Grief is one of the most common mental and emotional processes we experience, whether we interpret it that way or not. After almost any transition, there is a period of adjustment that typically involves mourning what we have left behind. This occurs even when we make changes in our lives for the better. Of course, the form of grief we become most familiar with at some point or another is the loss of a loved one. But we also grieve relationships, life directions, possibilities, and hopes.
If you have had the experience of losing a loved one, then you probably recall the acute awareness that there was nothing anyone could say or do at that time that would necessarily make us feel better. Because our feelings seem so big during those times, words seem small and inadequate. What may be a very heartfelt sentiment of solidarity and hopefulness may simply feel like a platitude, and that’s okay.
If we think about the most common cultural expressions of grief, like memorial services or sitting shiva in the Judaic tradition, it is often the physical gathering that is most reassuring. While there may not be anything anyone can say to take the pain and sadness away, there is something healing, heartening, and affirming about knowing that others share in your grief, whether it is in a small or large group setting, or even just one person by your side. This nonverbal expression of support is often most appropriate, and it can be easier than trying to find the right words, which simply may not exist.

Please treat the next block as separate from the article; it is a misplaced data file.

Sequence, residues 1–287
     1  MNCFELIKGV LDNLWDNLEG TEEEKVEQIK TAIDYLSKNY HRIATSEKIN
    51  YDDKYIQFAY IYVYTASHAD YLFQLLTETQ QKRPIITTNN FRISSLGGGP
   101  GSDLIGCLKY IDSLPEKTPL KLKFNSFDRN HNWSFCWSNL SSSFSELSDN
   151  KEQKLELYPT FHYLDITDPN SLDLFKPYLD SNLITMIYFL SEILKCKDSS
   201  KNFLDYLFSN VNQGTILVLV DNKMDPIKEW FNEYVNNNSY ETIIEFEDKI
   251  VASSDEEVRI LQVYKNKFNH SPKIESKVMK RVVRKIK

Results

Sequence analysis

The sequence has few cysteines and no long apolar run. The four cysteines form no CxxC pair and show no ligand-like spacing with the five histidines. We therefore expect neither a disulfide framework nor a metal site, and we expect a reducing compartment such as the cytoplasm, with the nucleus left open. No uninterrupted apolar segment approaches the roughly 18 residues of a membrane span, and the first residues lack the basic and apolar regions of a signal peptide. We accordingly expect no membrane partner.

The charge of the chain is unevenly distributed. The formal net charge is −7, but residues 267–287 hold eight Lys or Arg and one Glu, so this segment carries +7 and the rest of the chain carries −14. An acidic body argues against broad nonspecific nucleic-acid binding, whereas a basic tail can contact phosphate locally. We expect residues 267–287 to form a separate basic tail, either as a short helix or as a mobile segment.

For other forms of grief, we know that the only thing we really need to heal is time and space. It can be hard to express this to others without feeling guilt for seeming to push away those who are trying to help out of love and care. But it is possible.
One of the most challenging things about grief is that it looms so large in our lives before it starts to gradually dissipate, a process we seem to have little control over. For that reason, it’s often helpful to be around people and have the focus removed from ourselves and our persistent thoughts about our recent loss and instead placed on others. This allows us to step outside of ourselves, creating some distance between how all-consuming our feelings are and the desire and need to start to move on…some way, somehow.
When we are grieving, there are ways we can ask for what we need using simple phrases like:
- “I just need to be alone right now.”
- “Thank you for just being here, that means a lot.”
- “Can you just sit with me here?”
- “Just knowing you are keeping me in your thoughts means a lot to me.”
- “Will you talk to me about yourself?”
- “Can we talk about something else?”
Likewise, when we know someone is grieving, there are non-invasive ways to offer our support without putting pressure on someone we care about to “feel better” any sooner than they are ready:
- “What can I do for you right now?”
- “Is it okay if I just sit here with you?”
- “I’m here for whatever you need.”
- “I know there’s nothing I can say or do, but I’m here for you.”
Of course, every person is different and so we should all remain open-minded to the ways in which others may experience grief, what it may look like, and what they may need. But often there is something quietly reassuring about simply letting go of the idea that we have to find the right words.